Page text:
You’ve had a long-time affinity with the gay community, and are also very vocal in the press about gay issues. Last July you tweeted a message to Lindsey Graham: “Lindsey Graham you are a disgrace. On a personal note, why don’t you just bite the bullet and come out. You might just come to your senses.”
What was the reaction, good and bad, and what was your purpose for posting it?
The reaction was mixed to the Lindsay Graham tweet. I tweeted it because he’s an idiot and because I think he’s closeted. If he were true to himself, he would be a much better human.
You’ve been vocal, both onstage and off, for your disdain for cell-phone use in theatres. What actions would you suggest producers take to encourage more attentive audience behavior? Do you think Actor’s Equity should get involved or make recommendations toward solutions beyond pre-show announcements?
Actors should not be responsible for policing those few people who eat, use their cell phones to text or film, or do anything that might disrupt the experience for the rest of the audience, but we are. I don’t know what else can be done. I just know I don’t want to have to stop a show.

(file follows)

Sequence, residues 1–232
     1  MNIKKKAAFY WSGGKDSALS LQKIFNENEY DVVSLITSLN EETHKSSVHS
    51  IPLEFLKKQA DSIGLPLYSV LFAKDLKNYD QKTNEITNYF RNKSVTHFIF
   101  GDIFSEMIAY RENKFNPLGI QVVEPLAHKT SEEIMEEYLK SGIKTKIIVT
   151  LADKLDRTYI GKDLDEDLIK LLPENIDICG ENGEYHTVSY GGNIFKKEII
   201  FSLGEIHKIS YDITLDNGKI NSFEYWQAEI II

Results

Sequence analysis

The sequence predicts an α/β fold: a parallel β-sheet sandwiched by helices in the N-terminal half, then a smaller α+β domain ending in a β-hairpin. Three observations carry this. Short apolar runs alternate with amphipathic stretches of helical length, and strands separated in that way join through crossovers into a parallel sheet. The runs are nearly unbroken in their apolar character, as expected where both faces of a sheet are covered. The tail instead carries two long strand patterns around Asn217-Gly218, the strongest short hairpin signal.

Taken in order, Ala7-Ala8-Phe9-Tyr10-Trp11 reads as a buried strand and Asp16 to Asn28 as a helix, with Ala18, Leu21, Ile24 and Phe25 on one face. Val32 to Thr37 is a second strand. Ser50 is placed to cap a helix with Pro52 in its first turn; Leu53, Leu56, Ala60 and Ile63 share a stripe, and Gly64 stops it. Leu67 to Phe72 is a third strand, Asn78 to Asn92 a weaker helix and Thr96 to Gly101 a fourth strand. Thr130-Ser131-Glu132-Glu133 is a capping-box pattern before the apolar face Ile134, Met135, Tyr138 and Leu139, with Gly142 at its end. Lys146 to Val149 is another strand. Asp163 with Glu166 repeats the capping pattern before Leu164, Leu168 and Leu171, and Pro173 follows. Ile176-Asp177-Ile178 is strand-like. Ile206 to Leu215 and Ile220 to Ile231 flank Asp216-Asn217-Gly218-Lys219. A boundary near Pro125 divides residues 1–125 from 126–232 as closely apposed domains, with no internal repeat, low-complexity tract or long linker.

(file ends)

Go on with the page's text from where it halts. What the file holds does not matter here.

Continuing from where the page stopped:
With a career spanning more than 40 years in the theatre industry, you’ve worked with a range of directors. Who has created the most collaborative work environments for you to excel at your craft and how?
Marianne Elliott and Michael Greif are two of the most collaborative directors that I’ve ever worked with. I can’t tell you why. Perhaps they respect the actors they cast.
Has your sense of humor eased the difficult times in your career?
My humor has saved me from everything. There’s nothing like laughter, even in the most grim or tragic situations.